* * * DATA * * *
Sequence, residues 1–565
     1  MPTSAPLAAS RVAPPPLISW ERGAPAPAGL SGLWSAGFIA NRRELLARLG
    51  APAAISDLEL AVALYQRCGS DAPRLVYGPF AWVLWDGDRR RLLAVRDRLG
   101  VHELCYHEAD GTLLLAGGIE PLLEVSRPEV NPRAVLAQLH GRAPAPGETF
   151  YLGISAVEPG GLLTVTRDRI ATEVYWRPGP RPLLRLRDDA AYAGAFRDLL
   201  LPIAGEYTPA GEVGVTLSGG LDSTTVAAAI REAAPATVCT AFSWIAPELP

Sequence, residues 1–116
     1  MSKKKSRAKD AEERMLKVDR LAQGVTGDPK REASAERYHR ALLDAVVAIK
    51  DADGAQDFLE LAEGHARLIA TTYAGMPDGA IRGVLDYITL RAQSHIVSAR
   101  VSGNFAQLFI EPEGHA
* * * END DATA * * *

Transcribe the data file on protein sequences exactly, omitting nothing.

Sequence, residues 1–565
     1  MPTSAPLAAS RVAPPPLISW ERGAPAPAGL SGLWSAGFIA NRRELLARLG
    51  APAAISDLEL AVALYQRCGS DAPRLVYGPF AWVLWDGDRR RLLAVRDRLG
   101  VHELCYHEAD GTLLLAGGIE PLLEVSRPEV NPRAVLAQLH GRAPAPGETF
   151  YLGISAVEPG GLLTVTRDRI ATEVYWRPGP RPLLRLRDDA AYAGAFRDLL
   201  LPIAGEYTPA GEVGVTLSGG LDSTTVAAAI REAAPATVCT AFSWIAPELP

Sequence, residues 1–116
     1  MSKKKSRAKD AEERMLKVDR LAQGVTGDPK REASAERYHR ALLDAVVAIK
    51  DADGAQDFLE LAEGHARLIA TTYAGMPDGA IRGVLDYITL RAQSHIVSAR
   101  VSGNFAQLFI EPEGHA